KINGSTON, Jamaica -- The Caribbean is renowned worldwide for its creative culture, including music, folklore, crafts, festivals and carnivals. Despite making some progress in developing the cultural and creative sectors, the region has lagged in translating its creativity into substantial economic gains.
This reality prompted the Caribbean Community (CARICOM) heads of government at their 26th Intercessional meeting held in February 2015, to recommend the establishment of a Caribbean Creative Industries Management Unit (CCIMU), a dedicated body to address the needs of the region’s cultural and creative industries.
Further to CARICOM’s recommendation, on Tuesday, April 12 in Kingston, Jamaica, 28 stakeholders representing the creative industries of the region gathered for a historic consultation. This meeting set the path for the creation of the CCIMU. When established, the Unit will address the needs of the regional creative industries -- including business development, trade opportunities, and the protection of artists’ and stakeholders’ intellectual property rights.
The creative industries have shown impressive growth in terms of contribution to GDP in many Caribbean islands such as Saint Lucia and Trinidad and Tobago. Yet the sector is faced with a number of challenges.
“The biggest gap has been the absence of a structure that looks at the monetization of the creative industries for the region. We lack a framework that actually measures or gives tangible voice to what needs to be done, how or what data can be collected, how it can actually be monetized, and how we can benefit from intellectual property value in the creative industries,” said Pamela Coke-Hamilton, executive director, the Caribbean Export Development Agency (Caribbean Export). Caribbean Export has been assigned the lead role in the development of the CCIMU.
The Caribbean Development Bank (CDB) is providing funding for technical assistance to support the establishment of the CCIMU, through the staging of stakeholder consultations and the development of a business plan for the Unit.
“CDB is pleased to be a partner in driving the establishment of the CCIMU. We view the creative industries as key to improving the competitiveness of the Caribbean economy and to guiding our Region toward sustainable social and economic development,” said Edward Greene, division chief, Technical Cooperation Division, CDB.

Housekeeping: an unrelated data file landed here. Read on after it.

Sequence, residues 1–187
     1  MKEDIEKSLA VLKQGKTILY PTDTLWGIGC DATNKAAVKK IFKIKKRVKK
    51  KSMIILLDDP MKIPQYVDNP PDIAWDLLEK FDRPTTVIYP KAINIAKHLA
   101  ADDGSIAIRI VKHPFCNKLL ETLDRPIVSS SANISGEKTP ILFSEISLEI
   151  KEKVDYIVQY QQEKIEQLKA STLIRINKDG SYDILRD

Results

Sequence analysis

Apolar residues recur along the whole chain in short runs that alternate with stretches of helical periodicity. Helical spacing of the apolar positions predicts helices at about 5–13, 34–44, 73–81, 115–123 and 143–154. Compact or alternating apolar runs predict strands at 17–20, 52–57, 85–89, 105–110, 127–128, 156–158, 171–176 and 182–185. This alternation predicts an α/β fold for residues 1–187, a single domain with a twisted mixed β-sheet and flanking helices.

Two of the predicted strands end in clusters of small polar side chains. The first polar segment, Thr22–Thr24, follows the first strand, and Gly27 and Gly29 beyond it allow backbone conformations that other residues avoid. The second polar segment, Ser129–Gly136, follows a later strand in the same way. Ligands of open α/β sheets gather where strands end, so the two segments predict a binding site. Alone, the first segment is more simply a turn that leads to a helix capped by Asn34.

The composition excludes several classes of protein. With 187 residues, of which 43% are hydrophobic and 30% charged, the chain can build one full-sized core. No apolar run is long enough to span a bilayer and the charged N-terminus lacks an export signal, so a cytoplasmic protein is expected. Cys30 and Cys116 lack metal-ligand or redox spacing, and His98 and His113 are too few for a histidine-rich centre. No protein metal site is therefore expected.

Jesús Orús Báguena, chargé d’affaires a.i., acting head of delegation of the European Union to Jamaica, Belize, The Bahamas, Turks and Caicos Islands and Cayman Islands, during his opening remarks, stressed that there was a huge potential for the Caribbean’s creative industries through the Economic Partnership Agreement (EPA) signed in 2008 “by opening the EU market beyond WTO commitments in the services sectors, including creative and entertainment industries.”
“Filling the EPA with real life is about carrying out an ambitious reform agenda, creating an enabling environment for business and developing the competitiveness and capacity of the private sector to engage in trade,” he added.
Olivia Grange, minister of culture, gender, entertainment and sport, Jamaica, in her remarks, welcomed the involvement of the banking and export sectors in the creative industries and brought attention to some of the achievements thus far in the sectors’ economic development. In addition, she offered suggestions as to how the group could chart the way forward, avoiding duplication in the process.
At the one-day consultation, stakeholders made recommendations for the proposed CCIMU. They heard presentations on the concept of the CCIMU; best practices from other countries and regions; and examples of models that best suit the CCIMU, including gender-sensitive marketing and communications strategies and a sustainability plan.
The stakeholders represented 14 member states of CARICOM: The Bahamas; Barbados; Belize; Guyana; Haiti; Jamaica; the OECS countries; and Suriname.
A CCIMU business plan presentation is scheduled for June in Trinidad and Tobago.
Courtesy: Caribbean News Now